Foresight revisited: visions of twenty-first century diplomacy
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James Pamment: Lund University
Place Branding and Public Diplomacy, 2018, vol. 14, issue 1, 47-54
Abstract In 1999, the Foreign & Commonwealth Office (FCO) board sanctioned an internal report into how the organisation should look in 2010. It was conducted by the successor generation of faststream diplomats and was eventually completed in 2000. The Foresight Report was never released into the public domain, and indeed its existence was not openly acknowledged for a further 3 years. In particular, a controversial “memo to ministers,” criticising the interaction between elected officials and diplomats, created a major stir behind the scenes. Its discussions of digital technologies and the role of public discourse in diplomacy paint a compelling picture of the institution in a process of irreversible change. As a document marking the crossroads between the end of the twentieth century and the beginning of the twenty-first, Foresight provides crucial insight into the currents and trends motivating diplomatic reform. This article focuses upon visions of twenty-first century British diplomacy from the perspective of the late 1990s. Its particular point of interest is in the trajectories surrounding the future of diplomats, digital technologies, public diplomacy, and the integration of the FCO in Whitehall.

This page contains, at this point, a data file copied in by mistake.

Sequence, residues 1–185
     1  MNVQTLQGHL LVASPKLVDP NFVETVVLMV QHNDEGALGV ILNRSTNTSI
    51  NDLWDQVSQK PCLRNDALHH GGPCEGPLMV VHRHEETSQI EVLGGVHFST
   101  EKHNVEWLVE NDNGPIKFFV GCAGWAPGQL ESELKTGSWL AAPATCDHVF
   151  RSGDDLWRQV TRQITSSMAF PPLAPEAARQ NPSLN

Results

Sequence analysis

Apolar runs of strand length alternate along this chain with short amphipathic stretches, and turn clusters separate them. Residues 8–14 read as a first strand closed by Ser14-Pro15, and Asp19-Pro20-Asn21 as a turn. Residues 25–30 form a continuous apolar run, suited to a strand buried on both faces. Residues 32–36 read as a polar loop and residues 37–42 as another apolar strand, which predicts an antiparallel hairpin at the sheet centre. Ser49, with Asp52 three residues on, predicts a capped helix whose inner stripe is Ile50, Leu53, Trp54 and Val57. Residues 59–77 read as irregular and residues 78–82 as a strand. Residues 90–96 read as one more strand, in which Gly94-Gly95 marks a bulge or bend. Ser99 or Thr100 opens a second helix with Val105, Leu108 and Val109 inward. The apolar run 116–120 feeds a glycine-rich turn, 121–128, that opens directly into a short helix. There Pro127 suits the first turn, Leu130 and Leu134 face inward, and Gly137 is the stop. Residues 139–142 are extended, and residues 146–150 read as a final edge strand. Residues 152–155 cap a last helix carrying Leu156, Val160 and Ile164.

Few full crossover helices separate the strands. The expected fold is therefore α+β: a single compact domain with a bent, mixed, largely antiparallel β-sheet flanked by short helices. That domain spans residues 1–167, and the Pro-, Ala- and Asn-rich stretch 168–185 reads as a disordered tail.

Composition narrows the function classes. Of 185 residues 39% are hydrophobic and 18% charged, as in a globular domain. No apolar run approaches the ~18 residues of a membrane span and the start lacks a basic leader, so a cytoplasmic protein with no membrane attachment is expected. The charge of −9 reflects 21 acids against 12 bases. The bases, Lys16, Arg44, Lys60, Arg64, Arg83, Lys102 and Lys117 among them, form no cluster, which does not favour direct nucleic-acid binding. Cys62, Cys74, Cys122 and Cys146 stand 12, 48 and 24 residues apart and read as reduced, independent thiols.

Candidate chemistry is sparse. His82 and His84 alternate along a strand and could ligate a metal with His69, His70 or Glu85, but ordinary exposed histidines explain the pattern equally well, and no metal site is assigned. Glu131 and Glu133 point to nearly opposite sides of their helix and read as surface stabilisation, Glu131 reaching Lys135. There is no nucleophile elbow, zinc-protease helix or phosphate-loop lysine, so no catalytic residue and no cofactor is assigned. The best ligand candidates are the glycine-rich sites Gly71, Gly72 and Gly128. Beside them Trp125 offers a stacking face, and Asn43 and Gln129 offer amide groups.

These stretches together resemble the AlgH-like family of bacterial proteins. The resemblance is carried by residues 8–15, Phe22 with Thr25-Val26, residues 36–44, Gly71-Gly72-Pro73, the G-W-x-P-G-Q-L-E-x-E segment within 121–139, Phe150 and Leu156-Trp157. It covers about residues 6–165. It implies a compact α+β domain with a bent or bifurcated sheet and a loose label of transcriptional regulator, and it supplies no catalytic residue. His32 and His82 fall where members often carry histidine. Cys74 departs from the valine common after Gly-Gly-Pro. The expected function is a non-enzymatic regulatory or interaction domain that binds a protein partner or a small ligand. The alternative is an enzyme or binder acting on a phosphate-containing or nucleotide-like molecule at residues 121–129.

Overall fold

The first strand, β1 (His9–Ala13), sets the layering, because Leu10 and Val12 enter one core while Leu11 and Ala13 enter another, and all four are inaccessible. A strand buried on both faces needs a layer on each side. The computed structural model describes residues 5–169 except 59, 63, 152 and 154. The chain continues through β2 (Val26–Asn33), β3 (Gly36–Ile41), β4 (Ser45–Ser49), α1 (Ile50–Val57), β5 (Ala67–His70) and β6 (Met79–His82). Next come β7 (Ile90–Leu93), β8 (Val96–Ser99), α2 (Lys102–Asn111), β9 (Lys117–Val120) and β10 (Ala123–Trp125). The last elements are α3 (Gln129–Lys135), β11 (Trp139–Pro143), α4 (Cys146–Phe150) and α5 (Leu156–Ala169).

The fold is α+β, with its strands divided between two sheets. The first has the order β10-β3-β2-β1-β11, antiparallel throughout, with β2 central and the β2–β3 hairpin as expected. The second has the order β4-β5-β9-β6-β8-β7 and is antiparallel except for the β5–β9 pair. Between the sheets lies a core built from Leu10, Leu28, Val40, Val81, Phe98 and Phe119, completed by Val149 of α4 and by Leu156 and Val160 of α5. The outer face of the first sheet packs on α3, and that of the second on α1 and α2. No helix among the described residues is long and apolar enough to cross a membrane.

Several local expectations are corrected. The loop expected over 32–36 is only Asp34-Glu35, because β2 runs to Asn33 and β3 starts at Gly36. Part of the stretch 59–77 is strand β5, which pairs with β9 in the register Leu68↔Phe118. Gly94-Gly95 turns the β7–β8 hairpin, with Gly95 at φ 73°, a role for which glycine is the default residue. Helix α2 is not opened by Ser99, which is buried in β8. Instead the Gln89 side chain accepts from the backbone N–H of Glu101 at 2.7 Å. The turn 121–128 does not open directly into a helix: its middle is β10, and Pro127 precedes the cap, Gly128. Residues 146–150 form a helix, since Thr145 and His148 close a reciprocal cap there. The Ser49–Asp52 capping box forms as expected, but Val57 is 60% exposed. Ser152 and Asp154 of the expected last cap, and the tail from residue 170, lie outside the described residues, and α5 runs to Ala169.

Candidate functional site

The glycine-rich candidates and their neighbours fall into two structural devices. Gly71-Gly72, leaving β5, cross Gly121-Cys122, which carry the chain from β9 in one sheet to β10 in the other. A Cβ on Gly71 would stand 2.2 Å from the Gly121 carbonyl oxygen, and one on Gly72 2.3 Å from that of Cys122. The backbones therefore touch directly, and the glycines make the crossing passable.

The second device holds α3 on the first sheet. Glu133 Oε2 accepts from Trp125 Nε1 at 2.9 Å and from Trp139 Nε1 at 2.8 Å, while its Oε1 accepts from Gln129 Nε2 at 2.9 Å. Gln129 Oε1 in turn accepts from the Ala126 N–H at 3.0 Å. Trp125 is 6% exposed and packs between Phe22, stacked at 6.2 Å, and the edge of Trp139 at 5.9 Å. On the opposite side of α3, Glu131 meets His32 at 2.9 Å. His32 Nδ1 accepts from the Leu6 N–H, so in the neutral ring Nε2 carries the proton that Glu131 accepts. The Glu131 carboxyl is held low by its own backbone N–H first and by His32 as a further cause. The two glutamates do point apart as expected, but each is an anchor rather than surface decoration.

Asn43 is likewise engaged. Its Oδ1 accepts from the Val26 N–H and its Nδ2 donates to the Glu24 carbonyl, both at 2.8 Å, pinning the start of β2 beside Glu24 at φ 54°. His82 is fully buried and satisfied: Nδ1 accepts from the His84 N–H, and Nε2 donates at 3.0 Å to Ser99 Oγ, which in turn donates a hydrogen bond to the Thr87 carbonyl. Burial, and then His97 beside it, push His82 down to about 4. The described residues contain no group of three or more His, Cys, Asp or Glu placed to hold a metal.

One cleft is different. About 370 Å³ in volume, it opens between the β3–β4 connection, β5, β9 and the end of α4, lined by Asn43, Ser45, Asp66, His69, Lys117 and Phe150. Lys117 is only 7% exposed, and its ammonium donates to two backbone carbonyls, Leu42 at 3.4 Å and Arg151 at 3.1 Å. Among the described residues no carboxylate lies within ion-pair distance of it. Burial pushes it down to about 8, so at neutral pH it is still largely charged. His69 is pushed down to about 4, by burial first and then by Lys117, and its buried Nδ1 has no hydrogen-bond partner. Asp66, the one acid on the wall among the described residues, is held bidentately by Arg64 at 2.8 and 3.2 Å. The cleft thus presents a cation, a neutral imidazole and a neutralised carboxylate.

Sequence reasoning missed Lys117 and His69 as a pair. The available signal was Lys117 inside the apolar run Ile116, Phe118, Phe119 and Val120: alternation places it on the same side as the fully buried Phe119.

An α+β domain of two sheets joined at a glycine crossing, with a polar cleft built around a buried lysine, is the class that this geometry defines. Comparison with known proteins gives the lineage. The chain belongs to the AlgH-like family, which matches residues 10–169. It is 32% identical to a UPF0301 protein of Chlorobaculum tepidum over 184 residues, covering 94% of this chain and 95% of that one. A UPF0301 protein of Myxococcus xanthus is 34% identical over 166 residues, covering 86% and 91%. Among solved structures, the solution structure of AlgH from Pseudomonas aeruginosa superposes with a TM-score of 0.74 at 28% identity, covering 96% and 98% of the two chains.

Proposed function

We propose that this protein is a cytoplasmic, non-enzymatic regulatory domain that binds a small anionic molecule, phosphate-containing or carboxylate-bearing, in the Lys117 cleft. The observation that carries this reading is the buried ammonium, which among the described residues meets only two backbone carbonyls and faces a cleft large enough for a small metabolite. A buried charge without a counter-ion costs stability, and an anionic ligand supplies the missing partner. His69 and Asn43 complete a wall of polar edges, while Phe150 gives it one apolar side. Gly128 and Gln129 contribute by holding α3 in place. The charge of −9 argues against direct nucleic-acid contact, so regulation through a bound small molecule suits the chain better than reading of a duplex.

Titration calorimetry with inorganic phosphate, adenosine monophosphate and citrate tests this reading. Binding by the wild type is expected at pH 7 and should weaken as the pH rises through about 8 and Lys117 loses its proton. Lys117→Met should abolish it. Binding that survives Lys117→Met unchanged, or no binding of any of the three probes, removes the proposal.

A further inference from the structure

Keywords: Cool Britannia; Foreign & Commonwealth Office; Public diplomacy; Soft power; United Kingdom (search for similar items in EconPapers)
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